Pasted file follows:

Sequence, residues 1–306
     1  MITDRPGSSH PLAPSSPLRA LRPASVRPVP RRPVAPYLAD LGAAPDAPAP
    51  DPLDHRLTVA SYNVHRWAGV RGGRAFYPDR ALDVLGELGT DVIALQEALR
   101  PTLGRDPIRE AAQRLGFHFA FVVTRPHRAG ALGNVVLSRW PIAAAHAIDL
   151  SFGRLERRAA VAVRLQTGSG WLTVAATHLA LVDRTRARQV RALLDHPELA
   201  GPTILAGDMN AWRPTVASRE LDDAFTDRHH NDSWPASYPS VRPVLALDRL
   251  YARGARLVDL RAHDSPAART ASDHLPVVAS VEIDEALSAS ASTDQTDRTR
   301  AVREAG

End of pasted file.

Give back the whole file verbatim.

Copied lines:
Sequence, residues 1–306
     1  MITDRPGSSH PLAPSSPLRA LRPASVRPVP RRPVAPYLAD LGAAPDAPAP
    51  DPLDHRLTVA SYNVHRWAGV RGGRAFYPDR ALDVLGELGT DVIALQEALR
   101  PTLGRDPIRE AAQRLGFHFA FVVTRPHRAG ALGNVVLSRW PIAAAHAIDL
   151  SFGRLERRAA VAVRLQTGSG WLTVAATHLA LVDRTRARQV RALLDHPELA
   201  GPTILAGDMN AWRPTVASRE LDDAFTDRHH NDSWPASYPS VRPVLALDRL
   251  YARGARLVDL RAHDSPAART ASDHLPVVAS VEIDEALSAS ASTDQTDRTR
   301  AVREAG